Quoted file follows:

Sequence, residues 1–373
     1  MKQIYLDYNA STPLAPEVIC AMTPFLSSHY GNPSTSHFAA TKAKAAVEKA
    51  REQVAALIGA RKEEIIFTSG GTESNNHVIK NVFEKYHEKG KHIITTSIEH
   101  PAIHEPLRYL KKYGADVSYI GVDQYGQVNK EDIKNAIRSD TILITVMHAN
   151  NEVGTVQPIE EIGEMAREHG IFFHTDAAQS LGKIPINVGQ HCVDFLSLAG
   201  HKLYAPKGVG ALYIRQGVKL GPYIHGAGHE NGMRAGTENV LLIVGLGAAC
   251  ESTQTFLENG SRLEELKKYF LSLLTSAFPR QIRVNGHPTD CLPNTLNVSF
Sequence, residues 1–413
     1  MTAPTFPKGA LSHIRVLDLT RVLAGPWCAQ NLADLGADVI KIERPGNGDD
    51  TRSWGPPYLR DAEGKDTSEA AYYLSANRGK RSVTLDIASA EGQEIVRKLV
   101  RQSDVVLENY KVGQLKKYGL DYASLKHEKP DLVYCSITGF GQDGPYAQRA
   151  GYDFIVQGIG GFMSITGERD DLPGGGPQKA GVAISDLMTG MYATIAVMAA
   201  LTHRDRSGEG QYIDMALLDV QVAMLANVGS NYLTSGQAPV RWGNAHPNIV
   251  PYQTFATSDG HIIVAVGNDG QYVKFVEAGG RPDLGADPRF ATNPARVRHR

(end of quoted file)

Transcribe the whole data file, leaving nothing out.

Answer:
Sequence, residues 1–373
     1  MKQIYLDYNA STPLAPEVIC AMTPFLSSHY GNPSTSHFAA TKAKAAVEKA
    51  REQVAALIGA RKEEIIFTSG GTESNNHVIK NVFEKYHEKG KHIITTSIEH
   101  PAIHEPLRYL KKYGADVSYI GVDQYGQVNK EDIKNAIRSD TILITVMHAN
   151  NEVGTVQPIE EIGEMAREHG IFFHTDAAQS LGKIPINVGQ HCVDFLSLAG
   201  HKLYAPKGVG ALYIRQGVKL GPYIHGAGHE NGMRAGTENV LLIVGLGAAC
   251  ESTQTFLENG SRLEELKKYF LSLLTSAFPR QIRVNGHPTD CLPNTLNVSF
Sequence, residues 1–413
     1  MTAPTFPKGA LSHIRVLDLT RVLAGPWCAQ NLADLGADVI KIERPGNGDD
    51  TRSWGPPYLR DAEGKDTSEA AYYLSANRGK RSVTLDIASA EGQEIVRKLV
   101  RQSDVVLENY KVGQLKKYGL DYASLKHEKP DLVYCSITGF GQDGPYAQRA
   151  GYDFIVQGIG GFMSITGERD DLPGGGPQKA GVAISDLMTG MYATIAVMAA
   201  LTHRDRSGEG QYIDMALLDV QVAMLANVGS NYLTSGQAPV RWGNAHPNIV
   251  PYQTFATSDG HIIVAVGNDG QYVKFVEAGG RPDLGADPRF ATNPARVRHR